[Kanon] "is a master of the genre, and here delivers a book that will appeal to fans of The Americans and Bridge of Spies ... Frank’s plan to escape the Soviet Union is immensely complicated, but its unfolding is enhanced by Kanon’s graceful writing ... as readable and suspenseful as the fine espionage novels of Eric Ambler, Graham Greene, Charles McCarry, Robert Littell, Alan Furst and John Le Carré — and its roller-coaster plot will keep you guessing until the final page.
Each time I’ve finished one of Kanon’s books, I’ve asked myself why I haven’t read all of them. There are now eight. As soon as I was done with Defectors, I ordered all the rest from my local bookshop ... Kanon’s is a finely observed portrait of a bitchy, brittle, incestuous world ... If I have any complaints about Defectors, it’s that its depiction of the Soviet Union of 1961 doesn’t seem nearly grim enough. I was there 28 years later, and the place was a dismal dump where only the American dollar had any value. But this is a small complaint, particularly since all the substantial details of the novel’s setting are accurate.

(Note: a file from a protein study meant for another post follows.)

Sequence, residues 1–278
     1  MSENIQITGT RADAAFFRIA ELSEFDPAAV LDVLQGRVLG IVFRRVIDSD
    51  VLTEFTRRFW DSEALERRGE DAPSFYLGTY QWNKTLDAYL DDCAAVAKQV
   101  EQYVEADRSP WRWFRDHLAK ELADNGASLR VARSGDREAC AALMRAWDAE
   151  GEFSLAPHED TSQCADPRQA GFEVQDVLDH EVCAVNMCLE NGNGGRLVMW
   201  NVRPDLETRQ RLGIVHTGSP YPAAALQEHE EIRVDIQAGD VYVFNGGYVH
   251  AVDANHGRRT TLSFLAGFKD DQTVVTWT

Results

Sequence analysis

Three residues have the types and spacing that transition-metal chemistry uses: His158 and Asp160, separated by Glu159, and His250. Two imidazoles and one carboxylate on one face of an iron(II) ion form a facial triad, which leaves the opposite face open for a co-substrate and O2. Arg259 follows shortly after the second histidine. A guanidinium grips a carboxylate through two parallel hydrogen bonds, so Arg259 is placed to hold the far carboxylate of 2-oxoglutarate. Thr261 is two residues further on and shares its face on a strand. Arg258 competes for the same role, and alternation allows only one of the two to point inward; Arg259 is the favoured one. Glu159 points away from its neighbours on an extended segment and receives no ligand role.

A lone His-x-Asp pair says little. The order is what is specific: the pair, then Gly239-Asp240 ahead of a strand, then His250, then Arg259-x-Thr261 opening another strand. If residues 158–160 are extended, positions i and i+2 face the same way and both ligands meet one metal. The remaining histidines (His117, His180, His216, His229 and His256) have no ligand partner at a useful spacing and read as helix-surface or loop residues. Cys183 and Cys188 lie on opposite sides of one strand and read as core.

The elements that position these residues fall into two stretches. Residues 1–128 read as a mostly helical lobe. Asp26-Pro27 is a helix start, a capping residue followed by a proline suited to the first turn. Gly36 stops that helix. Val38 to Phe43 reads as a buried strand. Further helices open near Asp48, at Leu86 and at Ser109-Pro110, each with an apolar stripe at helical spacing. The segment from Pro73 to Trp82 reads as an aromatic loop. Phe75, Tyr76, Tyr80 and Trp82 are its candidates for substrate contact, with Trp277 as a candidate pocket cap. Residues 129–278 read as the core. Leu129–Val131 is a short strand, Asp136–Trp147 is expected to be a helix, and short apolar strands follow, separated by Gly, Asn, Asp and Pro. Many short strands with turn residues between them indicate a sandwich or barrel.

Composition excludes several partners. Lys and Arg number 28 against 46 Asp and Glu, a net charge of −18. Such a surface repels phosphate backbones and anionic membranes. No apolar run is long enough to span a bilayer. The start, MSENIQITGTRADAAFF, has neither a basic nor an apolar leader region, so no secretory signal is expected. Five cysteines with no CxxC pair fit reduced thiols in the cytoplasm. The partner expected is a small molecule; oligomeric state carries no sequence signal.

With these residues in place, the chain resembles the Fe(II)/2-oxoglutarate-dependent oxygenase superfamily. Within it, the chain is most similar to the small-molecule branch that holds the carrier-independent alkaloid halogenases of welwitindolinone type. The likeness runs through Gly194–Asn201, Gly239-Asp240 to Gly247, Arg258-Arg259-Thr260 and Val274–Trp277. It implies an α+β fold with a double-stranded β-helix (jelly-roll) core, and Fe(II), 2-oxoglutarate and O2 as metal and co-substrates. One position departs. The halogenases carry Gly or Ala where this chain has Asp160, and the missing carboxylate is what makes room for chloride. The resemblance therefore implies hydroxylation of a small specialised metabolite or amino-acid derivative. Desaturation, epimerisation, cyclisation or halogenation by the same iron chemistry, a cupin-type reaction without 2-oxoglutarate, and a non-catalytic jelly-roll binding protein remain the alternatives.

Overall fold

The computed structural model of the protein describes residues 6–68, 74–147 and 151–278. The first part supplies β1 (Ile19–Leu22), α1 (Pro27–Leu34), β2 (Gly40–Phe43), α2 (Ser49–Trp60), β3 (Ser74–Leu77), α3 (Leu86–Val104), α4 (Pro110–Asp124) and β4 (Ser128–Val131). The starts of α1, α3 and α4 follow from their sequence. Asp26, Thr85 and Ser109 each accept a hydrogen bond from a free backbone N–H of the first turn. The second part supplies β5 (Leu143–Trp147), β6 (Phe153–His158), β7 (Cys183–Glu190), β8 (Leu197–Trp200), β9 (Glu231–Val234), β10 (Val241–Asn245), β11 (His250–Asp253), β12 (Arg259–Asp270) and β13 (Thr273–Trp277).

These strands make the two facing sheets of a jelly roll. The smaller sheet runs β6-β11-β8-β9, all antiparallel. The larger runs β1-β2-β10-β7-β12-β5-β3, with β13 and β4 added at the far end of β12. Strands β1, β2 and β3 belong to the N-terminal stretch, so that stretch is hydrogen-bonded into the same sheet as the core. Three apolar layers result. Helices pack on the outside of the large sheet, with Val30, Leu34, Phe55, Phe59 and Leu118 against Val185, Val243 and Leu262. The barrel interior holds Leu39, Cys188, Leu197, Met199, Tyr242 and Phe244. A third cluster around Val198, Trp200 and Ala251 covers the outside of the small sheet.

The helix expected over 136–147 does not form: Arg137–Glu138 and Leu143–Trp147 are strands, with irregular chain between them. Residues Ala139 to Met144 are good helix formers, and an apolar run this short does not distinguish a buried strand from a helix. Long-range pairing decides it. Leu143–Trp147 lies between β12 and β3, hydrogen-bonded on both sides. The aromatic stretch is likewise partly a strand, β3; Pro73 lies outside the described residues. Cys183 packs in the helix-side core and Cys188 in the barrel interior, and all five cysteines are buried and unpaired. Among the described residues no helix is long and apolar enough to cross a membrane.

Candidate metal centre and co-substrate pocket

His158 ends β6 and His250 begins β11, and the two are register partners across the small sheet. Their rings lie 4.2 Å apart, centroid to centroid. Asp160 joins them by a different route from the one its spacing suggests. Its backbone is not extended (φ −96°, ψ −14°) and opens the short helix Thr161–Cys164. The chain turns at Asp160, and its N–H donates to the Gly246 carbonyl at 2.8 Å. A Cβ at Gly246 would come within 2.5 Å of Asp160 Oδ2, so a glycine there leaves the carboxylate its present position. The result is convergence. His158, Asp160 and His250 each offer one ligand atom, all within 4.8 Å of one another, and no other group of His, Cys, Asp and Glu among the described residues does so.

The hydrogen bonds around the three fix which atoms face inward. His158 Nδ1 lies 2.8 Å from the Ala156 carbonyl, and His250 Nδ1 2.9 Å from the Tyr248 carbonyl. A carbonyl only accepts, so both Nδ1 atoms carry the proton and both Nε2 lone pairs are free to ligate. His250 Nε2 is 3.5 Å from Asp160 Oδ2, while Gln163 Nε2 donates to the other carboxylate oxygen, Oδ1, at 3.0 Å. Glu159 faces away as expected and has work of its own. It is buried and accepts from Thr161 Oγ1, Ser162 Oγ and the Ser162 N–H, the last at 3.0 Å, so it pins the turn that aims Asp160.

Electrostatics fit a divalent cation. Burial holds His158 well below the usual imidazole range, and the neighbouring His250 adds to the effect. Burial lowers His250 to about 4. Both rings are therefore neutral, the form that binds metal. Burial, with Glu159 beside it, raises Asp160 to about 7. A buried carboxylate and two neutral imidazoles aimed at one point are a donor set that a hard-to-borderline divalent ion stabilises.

This setup makes for intriguing stuff, especially given Joseph Kanon’s deft hand at sketching the old world of spies and their craft. But the book’s narrative doesn’t really take off until Frank throws a twist into the plot. It seems that he, the spy who has always presented himself as the true believer in the communist cause, now wants to sneak back home, and he expects Simon to play an indispensable role in this great escape. Kanon spins out this story with just the right amount of expert detail and vivid twists to make it convincing and entertaining in the tradition of John le Carre and Charles McCarry.